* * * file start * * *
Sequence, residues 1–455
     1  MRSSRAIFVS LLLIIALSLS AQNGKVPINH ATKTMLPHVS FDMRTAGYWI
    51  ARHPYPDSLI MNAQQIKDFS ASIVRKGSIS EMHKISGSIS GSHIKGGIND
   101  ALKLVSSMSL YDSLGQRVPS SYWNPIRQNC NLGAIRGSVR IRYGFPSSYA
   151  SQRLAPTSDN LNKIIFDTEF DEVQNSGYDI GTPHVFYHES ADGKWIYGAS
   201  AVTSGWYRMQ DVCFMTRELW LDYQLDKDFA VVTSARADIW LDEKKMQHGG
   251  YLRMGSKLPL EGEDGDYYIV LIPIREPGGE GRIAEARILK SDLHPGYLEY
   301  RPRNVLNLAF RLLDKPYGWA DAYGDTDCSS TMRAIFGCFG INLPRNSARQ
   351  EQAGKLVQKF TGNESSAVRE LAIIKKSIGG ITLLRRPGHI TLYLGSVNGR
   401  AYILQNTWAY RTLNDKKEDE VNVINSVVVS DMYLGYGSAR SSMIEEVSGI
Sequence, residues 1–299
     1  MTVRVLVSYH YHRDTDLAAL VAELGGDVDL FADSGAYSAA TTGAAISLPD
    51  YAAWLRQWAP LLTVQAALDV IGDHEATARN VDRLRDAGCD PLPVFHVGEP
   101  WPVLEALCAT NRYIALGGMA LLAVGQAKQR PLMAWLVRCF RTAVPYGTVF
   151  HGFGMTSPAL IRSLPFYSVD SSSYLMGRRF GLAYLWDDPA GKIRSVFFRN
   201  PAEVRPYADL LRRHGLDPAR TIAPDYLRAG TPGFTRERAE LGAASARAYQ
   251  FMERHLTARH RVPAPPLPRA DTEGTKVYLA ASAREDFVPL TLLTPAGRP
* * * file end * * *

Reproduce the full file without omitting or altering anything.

Sequence, residues 1–455
     1  MRSSRAIFVS LLLIIALSLS AQNGKVPINH ATKTMLPHVS FDMRTAGYWI
    51  ARHPYPDSLI MNAQQIKDFS ASIVRKGSIS EMHKISGSIS GSHIKGGIND
   101  ALKLVSSMSL YDSLGQRVPS SYWNPIRQNC NLGAIRGSVR IRYGFPSSYA
   151  SQRLAPTSDN LNKIIFDTEF DEVQNSGYDI GTPHVFYHES ADGKWIYGAS
   201  AVTSGWYRMQ DVCFMTRELW LDYQLDKDFA VVTSARADIW LDEKKMQHGG
   251  YLRMGSKLPL EGEDGDYYIV LIPIREPGGE GRIAEARILK SDLHPGYLEY
   301  RPRNVLNLAF RLLDKPYGWA DAYGDTDCSS TMRAIFGCFG INLPRNSARQ
   351  EQAGKLVQKF TGNESSAVRE LAIIKKSIGG ITLLRRPGHI TLYLGSVNGR
   401  AYILQNTWAY RTLNDKKEDE VNVINSVVVS DMYLGYGSAR SSMIEEVSGI
Sequence, residues 1–299
     1  MTVRVLVSYH YHRDTDLAAL VAELGGDVDL FADSGAYSAA TTGAAISLPD
    51  YAAWLRQWAP LLTVQAALDV IGDHEATARN VDRLRDAGCD PLPVFHVGEP
   101  WPVLEALCAT NRYIALGGMA LLAVGQAKQR PLMAWLVRCF RTAVPYGTVF
   151  HGFGMTSPAL IRSLPFYSVD SSSYLMGRRF GLAYLWDDPA GKIRSVFFRN
   201  PAEVRPYADL LRRHGLDPAR TIAPDYLRAG TPGFTRERAE LGAASARAYQ
   251  FMERHLTARH RVPAPPLPRA DTEGTKVYLA ASAREDFVPL TLLTPAGRP